Khelein Hum Jee Jaan Sey

For me, Kheley Hum Jee Jaan Se will probably be the last time I am going to invest time and money in a Ashutosh Gowariker movie. It marks a very sad decline for someone regarded as one of India’s finest directors not too many years back. While length had always been his weakness, his story telling has now become a joke. What started off in the laborious Jodhaa Akbar has reached the nadir in this movie – the story and screenplay lack any drama, any sense of cinema or emotional highs and lows.

The story of the Chittagong uprising of 1930, a forgotten chapter of our freedom struggle – when revolutionaries under Surya Sen tried to make an example out of Chittagong. They decided to rid Chittagong of all Britishers by taking out five key targets in one audacious night – the telegraph office, the police lines armory, the railway tracks, the European Club and the British Army Cantonment. And if you watch the movie, you will realize how agonizingly close they came to rewriting history of British India.

And I do have to concede - even with his failings as a moviemaker, Ashutosh Gowarker has to be applauded for bringing this forgotten story to light. Because of it, I have a new sense of respect for all those who gave up so much for the fight to free this country. But ironically, I got it not from the movie but only from the end credits - where the photos of all the people who were involved in the Chittagong uprising makes the events of the movie spine-chillingly real. The biggest emotional surge for me came towards the end of the credits when I read the name of some Bengali gentleman who is still living in Bangladesh ! Alive, 80 years after the event !

Kheley Hum Jee Jaan Sey is in two distinct parts. The first part shows all the planning that went into the raids and how the group of rebels got together. The second half shows the actual raid and the aftermath of the raids as the British ruthlessly hunted down every one of the conspirators. The planners of the raid were Surya Sen and couple of his friends. Together they trained and inducted into his plans some 50 odd teenagers, mostly students, for the attack.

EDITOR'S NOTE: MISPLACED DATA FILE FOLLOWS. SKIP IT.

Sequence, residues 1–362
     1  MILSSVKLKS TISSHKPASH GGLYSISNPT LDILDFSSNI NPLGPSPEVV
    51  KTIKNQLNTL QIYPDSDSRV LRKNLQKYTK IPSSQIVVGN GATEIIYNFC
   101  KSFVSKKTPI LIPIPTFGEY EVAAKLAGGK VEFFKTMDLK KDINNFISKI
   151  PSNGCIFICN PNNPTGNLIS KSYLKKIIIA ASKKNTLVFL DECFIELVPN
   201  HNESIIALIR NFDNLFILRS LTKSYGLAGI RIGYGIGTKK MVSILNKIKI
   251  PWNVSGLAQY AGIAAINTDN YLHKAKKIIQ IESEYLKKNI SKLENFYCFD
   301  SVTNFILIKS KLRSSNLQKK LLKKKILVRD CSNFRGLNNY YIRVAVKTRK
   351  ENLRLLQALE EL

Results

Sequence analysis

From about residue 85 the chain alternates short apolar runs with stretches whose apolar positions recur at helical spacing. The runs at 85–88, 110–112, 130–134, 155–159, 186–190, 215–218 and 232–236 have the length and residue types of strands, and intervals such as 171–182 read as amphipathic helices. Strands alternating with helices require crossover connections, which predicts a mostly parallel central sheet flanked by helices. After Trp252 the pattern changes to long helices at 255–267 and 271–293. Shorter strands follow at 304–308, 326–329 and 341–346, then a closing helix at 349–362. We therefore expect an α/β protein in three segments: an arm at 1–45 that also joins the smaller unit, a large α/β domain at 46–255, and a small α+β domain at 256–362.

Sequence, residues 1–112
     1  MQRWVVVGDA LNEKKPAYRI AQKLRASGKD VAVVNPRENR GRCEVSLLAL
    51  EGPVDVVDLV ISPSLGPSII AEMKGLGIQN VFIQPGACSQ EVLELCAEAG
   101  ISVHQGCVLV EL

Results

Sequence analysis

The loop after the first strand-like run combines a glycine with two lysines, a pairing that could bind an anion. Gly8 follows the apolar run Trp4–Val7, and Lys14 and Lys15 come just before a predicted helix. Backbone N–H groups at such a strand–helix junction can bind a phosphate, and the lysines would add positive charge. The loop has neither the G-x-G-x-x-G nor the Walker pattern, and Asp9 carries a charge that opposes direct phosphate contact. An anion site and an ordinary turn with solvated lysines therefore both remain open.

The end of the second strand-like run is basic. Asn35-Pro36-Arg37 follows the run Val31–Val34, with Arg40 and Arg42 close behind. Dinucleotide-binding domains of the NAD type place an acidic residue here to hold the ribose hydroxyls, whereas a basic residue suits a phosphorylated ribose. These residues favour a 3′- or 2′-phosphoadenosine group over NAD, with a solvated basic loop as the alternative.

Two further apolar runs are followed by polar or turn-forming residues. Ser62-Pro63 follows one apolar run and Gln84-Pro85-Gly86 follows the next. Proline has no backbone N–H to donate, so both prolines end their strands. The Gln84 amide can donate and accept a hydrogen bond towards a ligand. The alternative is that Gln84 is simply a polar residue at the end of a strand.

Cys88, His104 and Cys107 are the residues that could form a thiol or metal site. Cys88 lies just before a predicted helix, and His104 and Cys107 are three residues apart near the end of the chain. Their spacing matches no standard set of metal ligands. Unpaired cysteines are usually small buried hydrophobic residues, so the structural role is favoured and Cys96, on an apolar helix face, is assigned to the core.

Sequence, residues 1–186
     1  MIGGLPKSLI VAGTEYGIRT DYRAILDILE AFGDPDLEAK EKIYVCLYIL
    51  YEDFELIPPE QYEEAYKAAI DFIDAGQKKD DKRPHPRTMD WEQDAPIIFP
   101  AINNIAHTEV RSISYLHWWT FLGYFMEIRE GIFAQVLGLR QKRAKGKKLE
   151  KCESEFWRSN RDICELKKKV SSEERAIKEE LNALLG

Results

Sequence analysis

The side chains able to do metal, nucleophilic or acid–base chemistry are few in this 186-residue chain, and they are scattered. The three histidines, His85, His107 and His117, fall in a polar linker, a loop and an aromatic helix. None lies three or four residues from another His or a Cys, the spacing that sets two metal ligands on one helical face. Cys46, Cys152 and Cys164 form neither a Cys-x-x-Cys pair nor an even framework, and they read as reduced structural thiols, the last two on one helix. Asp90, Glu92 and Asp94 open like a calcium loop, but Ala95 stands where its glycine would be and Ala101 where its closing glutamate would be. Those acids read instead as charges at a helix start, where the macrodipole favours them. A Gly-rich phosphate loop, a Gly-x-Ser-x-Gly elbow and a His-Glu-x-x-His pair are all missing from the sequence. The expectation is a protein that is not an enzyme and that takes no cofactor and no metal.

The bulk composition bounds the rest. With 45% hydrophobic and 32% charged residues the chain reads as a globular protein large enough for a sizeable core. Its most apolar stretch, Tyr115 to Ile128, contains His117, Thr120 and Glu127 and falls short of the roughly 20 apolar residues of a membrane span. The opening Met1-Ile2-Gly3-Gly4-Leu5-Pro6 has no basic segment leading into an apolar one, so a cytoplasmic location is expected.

Did Surya Sen misuse his position as a teacher to whitewash impressionable minds into the rebellion? The movie doesn’t even consider the question relevant – everything is clearly black and white and Masterda Surya Sen never did anything wrong.

In the first half, we are introduced to innumerable number of characters, without any depth or detail on any of them. Even Abhishek Bachhan as Surya Sen seems unreal. He is always straight-faced and speaks only in a measured tone. He has always the right things to say, his shirt is always crisp white and he composure remains unruffled in most situations. Though his actions seem to suggest there is a fire in his belly, one sees no other visible signs of it anywhere. Deepika, with her size-zero, looks completely out of place in the movie – and quite frankly I didn’t think this movie needed a leading lady or any romatic angle.

The bad characterization is compounded by the absolute lack of any drama in the screenplay. I have seen documentaries with more emotional highs and lows than this movie. Emotional scenes are wretchedly handled, everything happens with an unreal sense of detachment – as if each actor was gnawing away with doubt about the lines he/she was spouting on the screen. Some actions of a lot of characters are completely unexplained – and things fall into place for the revolutionaries in remarkably convenient ways till the night of the actual assault.

Such a white-washed version of history is a little hard to digest for any intelligent audience – ironically the very same audience this movie is trying to entice. The characters fail to make any connection with the audience because they do not show much more depth than cardboard cutouts. The movie also drags on for the mandatory 3 hours of an Ashutosh Gowariker production. And frankly, the entire second half dedicated to the pursuit and capture of the revolutionaries was quite depressing – it could have been given much less screentime. All it did was to serve as a vehicle to showcase melodramatic deaths of some of the characters. Instead of focusing on their lives

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cardboard movie cutouts said...

Nice movie review i like it